On 11.11.11 I launched a new venture called Webwiser – http://www.webwiser.co.uk @webwiserUK – a stake in the ground for something that I hope will grow to be worthwhile and fulfilling. I think this particular date had been planted in my head through a blog post I wrote earlier this year about my car hitting the 111111 mile mark and it being an omen of some sort. I’m sure this is a self-fulfilling prophecy but the timing for this move felt right for quite a number of reasons.
Anyway, it seems others had the idea of using this numerically significant date to make announcements…
- And, in another rock related theme, social apps developer ‘OneLouder’ celebrated the one and only ‘National OneLouder Day’ – a tribute to the infamous and supremely funny This is Spinal Tap and the scene when the band’s lead guitarist describes his special amp that goes up to 11
Aside from this date being refered to as the Nerd’s New Year (a reference to its rare binary nature) and ‘The day that most resembles corduroy’ (I kid you not) it was also, of course, our annual Remembrance Day chosen to mark the ending of hostilities of the World War I – which took effect at the “eleventh hour of the eleventh day of the eleventh month” of 1918.
Remembrance Day has taken on a new significance for me in 2011 as it comes in a year during which I have looked deeply into some of my family ancestry to help uncover more clues about the hereditary deafness that has been prevalent for many generations. Those investigations revealed a much more extensive family history than had been known by current generations and also a lot of documentation dating back as far as the early 1700s.
One particular document that came to light was my paternal Grandfather’s war record. It was known in the family that Frank William Hoskins had been a ‘good shot’ and had enlisted at the tender age of ’18 years 6 months’ in the Rifle Brigade before the outbreak of the First World War. From 1911 to 1914 he spent time in North Africa and India before returning the England and subsequently embarking with the 4th Batallion The Rifle Brigade to France on December 20th 1914.
He spent a year on the Western Front before embarking from Marseilles on 17th November 1915 to Salonica where he fought in the Macedonian campaigns to prevent the Bulgarians from invading Greece, including the notorious Battle of Doiran in which many British troops were massacred. Shortly after that battle in September 1918 my Grandfather was admitted to a field hospital suffering from malaria and embarked back to the UK on 26th of November 1918 – 15 days after the war ended. On return to the UK, he was treated at the Southern Command Malaria Concentration Centre and finally demobilised on 1st April 1919.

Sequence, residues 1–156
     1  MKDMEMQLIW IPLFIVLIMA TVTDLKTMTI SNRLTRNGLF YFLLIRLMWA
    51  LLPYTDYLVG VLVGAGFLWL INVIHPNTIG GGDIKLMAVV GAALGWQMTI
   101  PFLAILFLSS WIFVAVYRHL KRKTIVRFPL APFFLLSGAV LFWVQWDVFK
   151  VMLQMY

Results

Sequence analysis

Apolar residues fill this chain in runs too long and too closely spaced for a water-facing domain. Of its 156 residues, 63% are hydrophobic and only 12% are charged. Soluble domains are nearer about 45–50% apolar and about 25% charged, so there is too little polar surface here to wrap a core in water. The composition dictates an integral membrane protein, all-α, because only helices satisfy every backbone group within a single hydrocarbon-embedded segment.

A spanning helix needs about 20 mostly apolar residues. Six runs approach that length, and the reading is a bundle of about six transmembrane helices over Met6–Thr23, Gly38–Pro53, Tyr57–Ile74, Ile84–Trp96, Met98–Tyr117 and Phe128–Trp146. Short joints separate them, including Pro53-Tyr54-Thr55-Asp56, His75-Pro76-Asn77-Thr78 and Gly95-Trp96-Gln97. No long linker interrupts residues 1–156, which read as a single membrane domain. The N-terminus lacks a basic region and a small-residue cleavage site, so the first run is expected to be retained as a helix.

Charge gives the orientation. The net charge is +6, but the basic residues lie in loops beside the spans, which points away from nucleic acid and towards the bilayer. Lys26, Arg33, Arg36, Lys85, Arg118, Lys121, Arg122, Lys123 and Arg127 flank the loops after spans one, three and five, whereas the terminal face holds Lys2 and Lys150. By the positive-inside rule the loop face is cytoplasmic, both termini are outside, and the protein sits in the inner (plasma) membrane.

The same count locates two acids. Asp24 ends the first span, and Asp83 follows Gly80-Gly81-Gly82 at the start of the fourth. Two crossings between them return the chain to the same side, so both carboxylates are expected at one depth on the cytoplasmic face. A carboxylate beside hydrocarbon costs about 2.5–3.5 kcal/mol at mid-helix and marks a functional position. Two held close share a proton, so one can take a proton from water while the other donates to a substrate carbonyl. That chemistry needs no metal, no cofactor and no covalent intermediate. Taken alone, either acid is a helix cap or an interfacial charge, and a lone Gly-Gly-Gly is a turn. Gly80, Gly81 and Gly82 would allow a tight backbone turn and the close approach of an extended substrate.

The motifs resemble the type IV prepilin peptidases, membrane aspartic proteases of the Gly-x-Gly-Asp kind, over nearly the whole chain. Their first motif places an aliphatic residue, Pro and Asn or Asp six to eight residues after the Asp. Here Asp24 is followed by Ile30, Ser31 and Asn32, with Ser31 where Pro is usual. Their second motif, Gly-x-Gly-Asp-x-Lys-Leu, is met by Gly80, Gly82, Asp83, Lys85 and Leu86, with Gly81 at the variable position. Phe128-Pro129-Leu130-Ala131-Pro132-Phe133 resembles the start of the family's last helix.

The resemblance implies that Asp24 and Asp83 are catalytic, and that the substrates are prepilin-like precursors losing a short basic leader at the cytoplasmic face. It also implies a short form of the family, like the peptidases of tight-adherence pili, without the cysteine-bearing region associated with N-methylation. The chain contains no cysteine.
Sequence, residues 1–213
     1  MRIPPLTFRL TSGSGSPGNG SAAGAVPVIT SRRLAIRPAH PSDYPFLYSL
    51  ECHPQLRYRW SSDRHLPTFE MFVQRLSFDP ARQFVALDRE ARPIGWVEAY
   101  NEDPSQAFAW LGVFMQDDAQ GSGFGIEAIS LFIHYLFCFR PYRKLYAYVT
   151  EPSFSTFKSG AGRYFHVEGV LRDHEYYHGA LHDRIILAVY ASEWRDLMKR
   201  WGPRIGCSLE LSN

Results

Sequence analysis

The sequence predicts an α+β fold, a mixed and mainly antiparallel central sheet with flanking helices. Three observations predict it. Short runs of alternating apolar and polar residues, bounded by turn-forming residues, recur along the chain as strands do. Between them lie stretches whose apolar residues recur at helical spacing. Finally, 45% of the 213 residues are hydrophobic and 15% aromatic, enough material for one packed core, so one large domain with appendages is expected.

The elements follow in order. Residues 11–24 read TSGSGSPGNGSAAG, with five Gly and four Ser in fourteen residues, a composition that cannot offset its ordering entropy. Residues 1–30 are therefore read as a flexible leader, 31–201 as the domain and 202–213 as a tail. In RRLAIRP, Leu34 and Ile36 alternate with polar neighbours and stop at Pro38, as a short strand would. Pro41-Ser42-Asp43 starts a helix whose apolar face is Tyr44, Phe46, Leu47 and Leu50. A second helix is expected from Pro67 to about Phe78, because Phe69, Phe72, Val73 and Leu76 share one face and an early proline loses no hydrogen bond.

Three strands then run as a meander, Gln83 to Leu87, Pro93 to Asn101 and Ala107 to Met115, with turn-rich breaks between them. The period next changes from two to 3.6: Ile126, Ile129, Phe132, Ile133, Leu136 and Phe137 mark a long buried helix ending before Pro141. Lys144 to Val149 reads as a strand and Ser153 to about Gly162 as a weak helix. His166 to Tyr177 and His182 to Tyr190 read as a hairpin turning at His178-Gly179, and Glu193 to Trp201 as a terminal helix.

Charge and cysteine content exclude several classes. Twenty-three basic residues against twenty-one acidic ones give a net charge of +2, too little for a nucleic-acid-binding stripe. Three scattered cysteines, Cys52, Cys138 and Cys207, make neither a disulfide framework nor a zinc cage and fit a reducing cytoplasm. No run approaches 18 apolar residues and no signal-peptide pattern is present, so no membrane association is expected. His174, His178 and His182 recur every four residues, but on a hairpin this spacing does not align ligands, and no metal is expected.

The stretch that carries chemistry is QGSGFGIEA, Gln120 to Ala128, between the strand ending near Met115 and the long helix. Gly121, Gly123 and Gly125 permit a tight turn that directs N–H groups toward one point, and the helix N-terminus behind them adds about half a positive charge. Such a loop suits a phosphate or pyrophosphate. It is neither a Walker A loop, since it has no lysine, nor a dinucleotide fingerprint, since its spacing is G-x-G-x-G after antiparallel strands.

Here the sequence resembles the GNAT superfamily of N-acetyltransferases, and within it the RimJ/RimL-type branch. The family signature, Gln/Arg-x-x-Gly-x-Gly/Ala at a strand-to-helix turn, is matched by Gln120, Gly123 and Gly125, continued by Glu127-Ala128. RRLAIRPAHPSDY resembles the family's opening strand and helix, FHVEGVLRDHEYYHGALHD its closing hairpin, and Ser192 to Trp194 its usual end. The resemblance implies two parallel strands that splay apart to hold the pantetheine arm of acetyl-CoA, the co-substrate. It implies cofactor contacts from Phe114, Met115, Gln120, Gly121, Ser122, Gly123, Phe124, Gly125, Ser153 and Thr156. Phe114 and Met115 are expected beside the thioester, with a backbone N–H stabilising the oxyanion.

In a poignant moment when reading through 20 pages of surprisingly detailed and well-preserved documents of his war record, I came across a written statement he had made in his own hand about diseases, injuries or wounds he had at the point of being discharged. I’ve copied his words below where he states he was suffering from ‘slight deafness’ which he believed had been caused by fever from an earlier attack of malaria in 1916. Little did he know, at the age of 25, that he was experiencing the onset of a hereditary condition that would see him totally deaf by the age of 50 and that many generations of the family had experienced such things before.
My Grandfather died before I was born and while I have enormous respect for what he did during his 8 years as a Rifleman and the many millions of others who gave their lives to fight for the freedom we enjoy and often take for granted, my thoughts on 11.11.11 and today, on Remembrance Sunday, are for the hundreds and thousands of our servicemen and women who have been injured in the long drawn battles of our modern day warzones.
For this reason, I made a pledge on 11.11.11 to support an organisation that stuck in my memory after my wife and I listened to Allen Parton tell his story at an event a couple of years ago. He described very movingly how he was injured badly during the first Gulf War and how being given a dog trained specially for disabled people had changed his life and made him determined to survive and recover.
Allen went on to create Hounds for Heroes to help other ex-service people benefit from trained dogs in the way that he has. We thought it was a practical and very worthwhile cause and made a pledge on 11.11.11 to support it through the launch of Webwiser.
Those who follow @webwiserUK before the end of November will help contribute to the great work of Hounds for Heroes ….